Ted Ligety stuns in World Cup Finals downhill; new overall leader

Ted Ligety
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Olympic giant slalom champion Ted Ligety posted his first career World Cup downhill podium at the opening race of the World Cup Finals in Lenzerheide, Switzerland, on Wednesday.

Ligety tied for second behind Austrian winner Matthias Mayer. Mayer, the Olympic downhill champion, prevailed in 1 minute, 29.99 seconds, .11 better than Ligety and Italian Christof Innerhofer.

Ligety, who doesn’t race much downhill anymore, finished in the top 10 of a World Cup downhill for the second time in his career. He also finished fourth in a Lenzerheide downhill in 2007.

“I knew entering today that I had a good chance on this kind of a hill,” Ligety said. “It’s not a typical downhill hill, so it suits kind of a guy that has more GS skills like me.”

The result pushed Ligety from fourth to third in the overall World Cup standings with three races left in Lenzerheide. Ligety leads France’s Alexis Pinturault by five points for third.

Ligety became the eighth man to earn World Cup podiums in all five disciplines — downhill, super-G, giant slalom, slalom and super combined — according to Infostrada.

“It’s nice to try to gain some points on Pinturault with third place, but that’s not really the important race here,” said Ligety, who is in second place in the giant slalom and has a small chance to move into first there Saturday. “To be on the podium in every single event now in my career is a pretty cool accomplishment.”

The race for the overall World Cup title remains tight.

Norway’s Aksel Lund Svindal picked up 45 points with his fifth-place finish Wednesday. He had already clinched the season title in the downhill, so to finish off the podium wasn’t what he was looking for.

Svindal moved 41 points ahead of Austrian Marcel Hirscher in the overall standings. Svindal should increase that lead in Thursday’s super-G, but Hirscher is stronger in the giant slalom and slalom this weekend.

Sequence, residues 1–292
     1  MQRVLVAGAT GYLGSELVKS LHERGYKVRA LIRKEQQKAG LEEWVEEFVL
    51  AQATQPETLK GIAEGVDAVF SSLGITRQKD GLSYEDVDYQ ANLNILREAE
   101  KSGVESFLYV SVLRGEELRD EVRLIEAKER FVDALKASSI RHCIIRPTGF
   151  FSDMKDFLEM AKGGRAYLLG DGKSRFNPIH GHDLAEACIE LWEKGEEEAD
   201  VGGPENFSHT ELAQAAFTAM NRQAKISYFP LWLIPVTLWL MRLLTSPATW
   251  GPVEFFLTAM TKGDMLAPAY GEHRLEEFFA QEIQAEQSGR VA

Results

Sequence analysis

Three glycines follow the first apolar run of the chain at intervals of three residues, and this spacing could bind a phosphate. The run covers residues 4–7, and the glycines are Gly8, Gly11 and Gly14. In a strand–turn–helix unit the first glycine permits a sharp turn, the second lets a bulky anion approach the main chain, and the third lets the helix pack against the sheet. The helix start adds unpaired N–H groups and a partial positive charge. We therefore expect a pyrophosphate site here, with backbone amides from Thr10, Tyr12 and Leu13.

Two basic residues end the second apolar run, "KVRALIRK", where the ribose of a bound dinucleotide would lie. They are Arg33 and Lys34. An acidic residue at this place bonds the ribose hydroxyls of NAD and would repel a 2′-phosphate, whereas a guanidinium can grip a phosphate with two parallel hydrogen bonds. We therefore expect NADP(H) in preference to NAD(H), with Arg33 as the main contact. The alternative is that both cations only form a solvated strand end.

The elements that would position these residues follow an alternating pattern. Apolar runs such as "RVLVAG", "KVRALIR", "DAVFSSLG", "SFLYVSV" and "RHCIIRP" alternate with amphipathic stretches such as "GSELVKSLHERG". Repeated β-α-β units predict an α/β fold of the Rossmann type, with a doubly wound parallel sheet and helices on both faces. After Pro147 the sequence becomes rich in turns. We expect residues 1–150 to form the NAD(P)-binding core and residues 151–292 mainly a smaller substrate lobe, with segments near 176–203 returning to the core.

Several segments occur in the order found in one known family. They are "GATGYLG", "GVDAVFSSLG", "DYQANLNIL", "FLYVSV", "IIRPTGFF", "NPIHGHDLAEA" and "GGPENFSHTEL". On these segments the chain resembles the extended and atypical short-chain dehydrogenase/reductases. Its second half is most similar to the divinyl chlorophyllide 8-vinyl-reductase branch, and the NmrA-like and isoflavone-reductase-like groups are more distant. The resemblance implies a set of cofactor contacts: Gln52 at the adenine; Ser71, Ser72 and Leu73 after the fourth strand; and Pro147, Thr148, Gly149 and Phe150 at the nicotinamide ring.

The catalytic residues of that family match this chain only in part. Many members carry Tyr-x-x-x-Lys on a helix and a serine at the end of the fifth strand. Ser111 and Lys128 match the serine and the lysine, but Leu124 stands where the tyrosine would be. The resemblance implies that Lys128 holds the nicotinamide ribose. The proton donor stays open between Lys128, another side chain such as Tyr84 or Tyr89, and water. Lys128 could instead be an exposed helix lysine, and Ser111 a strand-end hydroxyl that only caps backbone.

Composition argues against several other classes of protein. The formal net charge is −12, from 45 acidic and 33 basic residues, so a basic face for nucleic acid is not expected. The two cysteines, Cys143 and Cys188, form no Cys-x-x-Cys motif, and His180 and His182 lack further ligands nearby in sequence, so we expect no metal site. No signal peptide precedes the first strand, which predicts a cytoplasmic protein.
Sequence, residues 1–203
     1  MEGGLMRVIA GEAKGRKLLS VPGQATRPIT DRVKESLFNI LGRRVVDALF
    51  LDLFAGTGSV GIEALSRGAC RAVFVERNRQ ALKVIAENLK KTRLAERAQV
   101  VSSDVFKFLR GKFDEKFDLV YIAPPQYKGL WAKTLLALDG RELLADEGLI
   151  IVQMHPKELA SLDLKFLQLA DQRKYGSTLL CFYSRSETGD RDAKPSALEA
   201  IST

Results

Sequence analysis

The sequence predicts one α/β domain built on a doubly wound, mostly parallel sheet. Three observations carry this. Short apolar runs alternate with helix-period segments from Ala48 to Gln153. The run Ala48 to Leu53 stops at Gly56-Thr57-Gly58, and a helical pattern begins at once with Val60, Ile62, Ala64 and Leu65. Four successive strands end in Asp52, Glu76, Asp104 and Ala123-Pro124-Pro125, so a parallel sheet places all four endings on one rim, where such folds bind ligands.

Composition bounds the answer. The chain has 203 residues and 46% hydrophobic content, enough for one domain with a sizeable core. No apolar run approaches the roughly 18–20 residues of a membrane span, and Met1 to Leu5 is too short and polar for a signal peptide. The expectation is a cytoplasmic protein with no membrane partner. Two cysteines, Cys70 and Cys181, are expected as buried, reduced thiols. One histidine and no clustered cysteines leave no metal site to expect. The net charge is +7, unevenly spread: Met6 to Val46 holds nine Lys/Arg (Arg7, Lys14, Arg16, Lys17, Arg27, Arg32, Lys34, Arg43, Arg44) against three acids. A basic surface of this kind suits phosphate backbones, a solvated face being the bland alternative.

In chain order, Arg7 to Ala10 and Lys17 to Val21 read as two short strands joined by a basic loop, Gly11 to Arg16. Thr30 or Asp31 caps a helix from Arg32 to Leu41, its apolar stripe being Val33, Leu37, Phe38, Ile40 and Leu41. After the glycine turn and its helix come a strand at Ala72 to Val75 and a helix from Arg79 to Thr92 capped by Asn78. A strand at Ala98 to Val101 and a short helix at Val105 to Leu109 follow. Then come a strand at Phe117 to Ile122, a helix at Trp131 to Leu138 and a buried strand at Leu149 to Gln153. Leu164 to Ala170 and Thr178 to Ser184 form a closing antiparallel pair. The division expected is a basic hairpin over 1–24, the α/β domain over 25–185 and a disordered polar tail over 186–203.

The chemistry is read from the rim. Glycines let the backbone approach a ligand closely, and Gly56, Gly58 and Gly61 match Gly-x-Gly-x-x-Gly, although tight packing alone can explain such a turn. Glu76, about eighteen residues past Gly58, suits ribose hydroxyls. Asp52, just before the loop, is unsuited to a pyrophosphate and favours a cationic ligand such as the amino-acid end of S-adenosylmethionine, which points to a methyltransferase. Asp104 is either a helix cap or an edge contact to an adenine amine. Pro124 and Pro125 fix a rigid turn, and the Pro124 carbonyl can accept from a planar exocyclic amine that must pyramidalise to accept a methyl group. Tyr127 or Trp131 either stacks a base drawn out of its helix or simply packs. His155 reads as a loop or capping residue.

Svindal called it a 50-50 competition between him and Hirscher going forward.

“If I have to put money on someone, I have no idea who it would be,” Svindal said. “Hopefully it will be on me.”

Americans Travis Ganong and Bode Miller were sixth and eighth, respectively, on Wednesday. 

Miller, a six-time Olympic medalist, finished eighth in the season downhill standings after missing all of last season following knee surgery.

Ganong, 25, finished ninth in the downhill standings, continuing an ascent from 44th to 30th to 18th the previous three seasons.

Lenzerheide Downhill
1. Matthias Mayer (AUT) 1:29.99
2. Christof Innerhofer (ITA) 1:30.10
2. Ted Ligety (USA) 1:30.10
4. Peter Fill (ITA) 1:30.12
5. Aksel Lund Svindal (NOR) 1:30.19
6. Travis Ganong (USA) 1:30.51
7. Sandro Viletta (SUI) 1:30.55
8. Bode Miller (USA) 1:30.61
9. Carlo Janka (SUI) 1:30.79
10. Adrien Theaux (FRA) 1:30.98

Final Downhill Standings
1. Aksel Lund Svindal (NOR) — 570
2. Hannes Reichelt (AUT) — 360
3. Erik Guay (CAN) — 357
8. Bode Miller (USA) — 264
9. Travis Ganong (USA) — 250
26. Ted Ligety (USA) — 80

World Cup Finals preview

Noah Lyles runs personal best and is coming for Usain Bolt’s world record

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Noah Lyles ran a personal-best time in the 60m on Saturday, then reaffirmed record-breaking intentions for the 100m and, especially, the 200m, where Usain Bolt holds the fastest times in history.

Lyles, the world 200m champion, won the 60m sprint in 6.51 seconds at the New Balance Indoor Grand Prix in Boston, clipping Trayvon Bromell by two thousandths in his first top-level meet of the year. Bromell, the world 100m bronze medalist, is a past world indoor 60m champion and has a better start than Lyles, which is crucial in a six-second race.

But on Saturday, Lyles ran down Bromell and shaved four hundredths off his personal best. It bodes well for Lyles’ prospects come the spring and summer outdoor season in his better distances — the 100m and 200m.

“This is the moment I’ve been working, like, seven years for,” he said. “We’re not just coming for the 200m world record. We’re coming for all the world records.”

Last July, Lyles broke Michael Johnson‘s 26-year-old American record in the 200m, winning the world title in 19.31 seconds. Only Bolt (19.19) and fellow Jamaican Yohan Blake (19.26) have run faster.

Lyles has since spoken openly about targeting Bolt’s world record from 2009.